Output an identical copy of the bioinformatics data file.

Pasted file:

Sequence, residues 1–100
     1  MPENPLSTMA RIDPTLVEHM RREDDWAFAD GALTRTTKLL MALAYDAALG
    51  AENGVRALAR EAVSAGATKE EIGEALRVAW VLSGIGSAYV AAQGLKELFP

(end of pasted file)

Sequence, residues 1–100
     1  MPENPLSTMA RIDPTLVEHM RREDDWAFAD GALTRTTKLL MALAYDAALG
    51  AENGVRALAR EAVSAGATKE EIGEALRVAW VLSGIGSAYV AAQGLKELFP